5. The real difficulty in this appeal is with regard to the scope of the application of Order 9, rule 9 to proceedings other than insolvency proceedings. Section 5 (1) of the Provincial Insolvency Act says, Subject to the provisions of this Act, the Court, in regard to proceedings under this Act, shall have the same powers and shall follow the same procedure as it has and follows in the exercise of original civil jurisdiction.
So Section 5 (1) has regard only to proceedings under the Act. If we substitute for the word "suit" in Order 9, rule 9 the word "proceedings" in both places where the word "suit" occurs, then clearly Order 9, rule 9 would not prevent the filing of a suit. A suit could only be barred by substituting "proceedings" for "suit" in the first instance and not in the second. So in attempting to apply Section 5 to bar a suit one is faced with the double difficulty that one can only do so by omitting to substitute the word "proceedings" for the word "suit" in Order 9, rule 9, in the second instance and that the wording of Section 5 (1) seems to limit the application of the section to proceedings under the Act.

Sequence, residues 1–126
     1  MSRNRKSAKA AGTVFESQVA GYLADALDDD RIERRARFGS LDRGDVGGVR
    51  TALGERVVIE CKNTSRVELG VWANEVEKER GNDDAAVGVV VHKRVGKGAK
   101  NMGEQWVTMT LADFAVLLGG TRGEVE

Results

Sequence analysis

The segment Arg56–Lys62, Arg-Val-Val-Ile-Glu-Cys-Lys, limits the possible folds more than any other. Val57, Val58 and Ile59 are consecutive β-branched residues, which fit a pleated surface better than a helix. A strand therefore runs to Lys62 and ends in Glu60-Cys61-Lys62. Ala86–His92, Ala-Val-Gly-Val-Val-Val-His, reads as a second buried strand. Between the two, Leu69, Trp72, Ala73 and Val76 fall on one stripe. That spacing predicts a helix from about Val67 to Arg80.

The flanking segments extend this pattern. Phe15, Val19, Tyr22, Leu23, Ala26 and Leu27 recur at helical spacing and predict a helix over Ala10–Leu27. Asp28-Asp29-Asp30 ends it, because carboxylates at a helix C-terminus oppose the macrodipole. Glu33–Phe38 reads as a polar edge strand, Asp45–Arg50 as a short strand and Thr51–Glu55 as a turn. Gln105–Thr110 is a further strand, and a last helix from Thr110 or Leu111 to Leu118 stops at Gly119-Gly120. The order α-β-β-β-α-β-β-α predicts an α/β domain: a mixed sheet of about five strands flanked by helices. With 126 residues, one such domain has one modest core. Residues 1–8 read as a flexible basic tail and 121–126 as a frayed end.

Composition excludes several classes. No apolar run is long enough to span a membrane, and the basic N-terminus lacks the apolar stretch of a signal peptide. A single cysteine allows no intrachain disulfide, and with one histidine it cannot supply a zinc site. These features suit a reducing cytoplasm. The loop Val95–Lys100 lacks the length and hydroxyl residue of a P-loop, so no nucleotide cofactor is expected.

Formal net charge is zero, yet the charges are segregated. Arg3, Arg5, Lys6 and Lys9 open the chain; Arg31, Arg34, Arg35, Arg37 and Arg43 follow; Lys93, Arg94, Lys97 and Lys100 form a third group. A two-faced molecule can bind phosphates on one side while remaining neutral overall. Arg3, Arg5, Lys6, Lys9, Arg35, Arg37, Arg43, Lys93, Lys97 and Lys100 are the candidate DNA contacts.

6. Reference has been made to an equitable principle of election. A person has the choice of two forums. If he prefers one forum he cannot, because he finds its decision distasteful, then have recourse to the alternative forum. No authorities have been quoted as to how far this equitable principle, which seems to be a special application of the general principle of res judicata, can be applied; but if its application were as wide as the learned advocate for the respondent suggests, there would be no need for Section 4 (2) of the Act. Moreover, it is not at all obvious that even on the widest application of this equitable principle, it would bar a fresh proceeding when the point in issue had not been considered in the earlier proceeding.
7. The appeal is allowed and the suit remanded to the trial Court for disposal on the merits. Costs so far incurred in all the three Courts will abide the result.
8. The case having been set down for being mentioned this day, the Court made the following
9. Refund certificate do issue.